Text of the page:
EU transparency deficit gives ammunition to Eurosceptics – ombudsman
Emily O’Reilly rejects argument that greater openness would jeopardise decision-making
European Ombudsman Emily O’Reilly is hoping for a second term. Photograph: Attila Kisbenedek/AFP/Getty
European Ombudsman Emily O’Reilly said on Tuesday that transparency – or the lack of it – in the workings of the EU administration is now the key challenge her office faces.
The issue represents almost a quarter (24.6 per cent) of the 2,180 new cases the office received in 2018.
Ms O’Reilly rejected the blanket assertion by EU institutions in many of the cases that greater openness would jeopardise the decision-making process.
“Wider access to documents is crucial to ensure that EU citizens can exercise their treaty-based right to participate in the democratic life of the union,” the ombudsman said in a ruling involving the refusal of the European Commission to publish details of which way individual member states voted on a decision about pesticide risks to bees.
“In 2013 the European Food Safety Authority produced guidelines on the impact of pesticides on bees. However, some national authorities are blocking their implementation by the commission,” Ms O’Reilly told journalists at the publication of her annual report.
“This is entirely their decision, but when they make it, European citizens have a right to know the position their own government took, just as they should at member state level. Biodiversity is a particularly important issue,” she said.
The ombudsman also ruled that the veil should be lifted on member states’ voting records in the important working committees that prepare Eurogroup meetings and in the annual voting on fishing quotas. In each of the cases she is awaiting confirmation from the institutions that they will comply with her recommendation.
Ms O’Reilly said her office had recorded compliance rates by the institutions with its non-mandatory proposals, at 81 per cent in 2017. It could be higher, she said, warning that the refusal of the commission, for example, to accept her findings of maladministration in the controversial promotion of its secretary general, Martin Selmayr, provided powerful ammunition for Eurosceptic campaigners.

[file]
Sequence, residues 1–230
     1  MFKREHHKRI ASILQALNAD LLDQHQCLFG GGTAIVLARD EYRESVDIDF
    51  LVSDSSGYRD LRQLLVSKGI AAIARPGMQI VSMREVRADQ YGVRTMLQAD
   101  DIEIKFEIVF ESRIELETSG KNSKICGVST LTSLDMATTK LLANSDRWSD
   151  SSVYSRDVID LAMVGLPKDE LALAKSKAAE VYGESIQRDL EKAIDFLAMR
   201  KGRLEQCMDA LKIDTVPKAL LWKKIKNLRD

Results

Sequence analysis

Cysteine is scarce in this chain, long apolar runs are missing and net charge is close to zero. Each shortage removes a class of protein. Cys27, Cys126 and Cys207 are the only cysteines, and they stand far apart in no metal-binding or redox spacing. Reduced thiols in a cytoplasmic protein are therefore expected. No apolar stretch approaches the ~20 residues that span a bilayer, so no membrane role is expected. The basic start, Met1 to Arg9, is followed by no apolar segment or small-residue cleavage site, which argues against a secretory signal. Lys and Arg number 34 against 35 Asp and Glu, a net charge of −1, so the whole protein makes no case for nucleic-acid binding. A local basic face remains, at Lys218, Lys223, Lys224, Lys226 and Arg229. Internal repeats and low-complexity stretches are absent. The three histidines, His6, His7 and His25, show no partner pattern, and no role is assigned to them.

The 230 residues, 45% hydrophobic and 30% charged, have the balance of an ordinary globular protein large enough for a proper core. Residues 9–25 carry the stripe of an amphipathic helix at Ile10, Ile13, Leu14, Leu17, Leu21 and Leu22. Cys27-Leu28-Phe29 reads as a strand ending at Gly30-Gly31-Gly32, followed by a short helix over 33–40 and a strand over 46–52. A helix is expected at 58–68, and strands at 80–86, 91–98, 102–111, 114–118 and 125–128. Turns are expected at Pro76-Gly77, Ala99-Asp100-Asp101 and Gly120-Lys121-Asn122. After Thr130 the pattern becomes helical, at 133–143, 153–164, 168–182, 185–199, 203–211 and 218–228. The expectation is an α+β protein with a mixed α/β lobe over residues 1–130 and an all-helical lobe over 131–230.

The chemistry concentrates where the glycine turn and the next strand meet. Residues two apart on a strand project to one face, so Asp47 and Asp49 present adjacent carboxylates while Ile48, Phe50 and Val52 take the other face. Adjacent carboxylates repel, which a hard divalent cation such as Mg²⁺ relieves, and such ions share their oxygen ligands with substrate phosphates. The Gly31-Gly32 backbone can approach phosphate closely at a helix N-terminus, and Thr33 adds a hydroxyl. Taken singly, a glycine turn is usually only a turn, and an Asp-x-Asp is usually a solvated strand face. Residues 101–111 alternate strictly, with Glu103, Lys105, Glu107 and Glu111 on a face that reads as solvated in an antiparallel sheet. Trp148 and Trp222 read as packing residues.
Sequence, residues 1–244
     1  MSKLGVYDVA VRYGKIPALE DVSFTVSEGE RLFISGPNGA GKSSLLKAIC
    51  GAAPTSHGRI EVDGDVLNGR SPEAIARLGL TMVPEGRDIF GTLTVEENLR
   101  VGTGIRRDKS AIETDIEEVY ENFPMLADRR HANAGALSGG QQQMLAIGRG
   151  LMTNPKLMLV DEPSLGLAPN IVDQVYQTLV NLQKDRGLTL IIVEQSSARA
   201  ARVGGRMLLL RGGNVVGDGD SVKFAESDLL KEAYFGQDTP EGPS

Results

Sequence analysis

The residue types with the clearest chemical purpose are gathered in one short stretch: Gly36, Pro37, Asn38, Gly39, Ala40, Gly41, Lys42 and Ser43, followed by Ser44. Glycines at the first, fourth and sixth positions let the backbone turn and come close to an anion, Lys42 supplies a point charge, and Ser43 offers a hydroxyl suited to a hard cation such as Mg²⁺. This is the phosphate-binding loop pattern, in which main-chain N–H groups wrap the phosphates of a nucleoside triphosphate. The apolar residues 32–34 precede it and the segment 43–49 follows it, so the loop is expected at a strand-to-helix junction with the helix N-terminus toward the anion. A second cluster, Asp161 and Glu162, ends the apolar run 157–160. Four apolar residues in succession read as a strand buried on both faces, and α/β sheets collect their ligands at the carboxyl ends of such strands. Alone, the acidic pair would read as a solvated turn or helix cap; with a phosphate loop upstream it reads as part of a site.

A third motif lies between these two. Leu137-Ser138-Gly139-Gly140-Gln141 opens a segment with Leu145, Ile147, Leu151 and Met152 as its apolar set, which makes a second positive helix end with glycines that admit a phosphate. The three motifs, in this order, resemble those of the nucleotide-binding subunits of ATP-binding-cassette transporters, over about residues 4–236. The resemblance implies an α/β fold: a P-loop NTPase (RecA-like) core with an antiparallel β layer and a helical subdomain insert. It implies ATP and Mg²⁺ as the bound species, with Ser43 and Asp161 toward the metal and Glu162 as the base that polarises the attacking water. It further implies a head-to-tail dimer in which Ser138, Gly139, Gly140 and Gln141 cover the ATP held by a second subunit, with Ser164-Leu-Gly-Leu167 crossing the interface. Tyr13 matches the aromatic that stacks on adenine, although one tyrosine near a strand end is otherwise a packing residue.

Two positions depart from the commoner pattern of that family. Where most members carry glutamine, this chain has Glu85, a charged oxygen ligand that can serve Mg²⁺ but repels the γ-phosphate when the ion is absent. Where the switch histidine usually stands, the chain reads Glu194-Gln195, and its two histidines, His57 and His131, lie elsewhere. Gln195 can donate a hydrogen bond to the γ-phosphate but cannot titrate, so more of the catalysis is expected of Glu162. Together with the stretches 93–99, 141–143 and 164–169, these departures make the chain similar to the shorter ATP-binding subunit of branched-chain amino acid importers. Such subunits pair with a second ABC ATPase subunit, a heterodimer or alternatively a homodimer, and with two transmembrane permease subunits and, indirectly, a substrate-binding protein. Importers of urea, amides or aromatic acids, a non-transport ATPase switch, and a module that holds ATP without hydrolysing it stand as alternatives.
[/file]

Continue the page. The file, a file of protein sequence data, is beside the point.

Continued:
The annual report records some 34 complaints to it in Ireland last year, with 10 inquiries opened. Spain topped the league with 393 complaints and 42 inquiries opened.
Some 58 per cent of complaints were about the conduct of the commission, while of the files that were closed, a quarter were about transparency and a fifth about the culture of services – politeness, timeliness and language.
Some 490 inquiries were opened, the highest ever number, with the ombudsman finding no maladministration in half the cases. Four in five were settled by the institution concerned and in only one in 20 cases was a finding of maladministration recorded.
Ms O’Reilly, currently the most senior ranking Irish official in the European institutions, also confirmed that she was hoping to see her mandate as ombudsman renewed for a second five-year term. The new European Parliament will vote on nominations this autumn.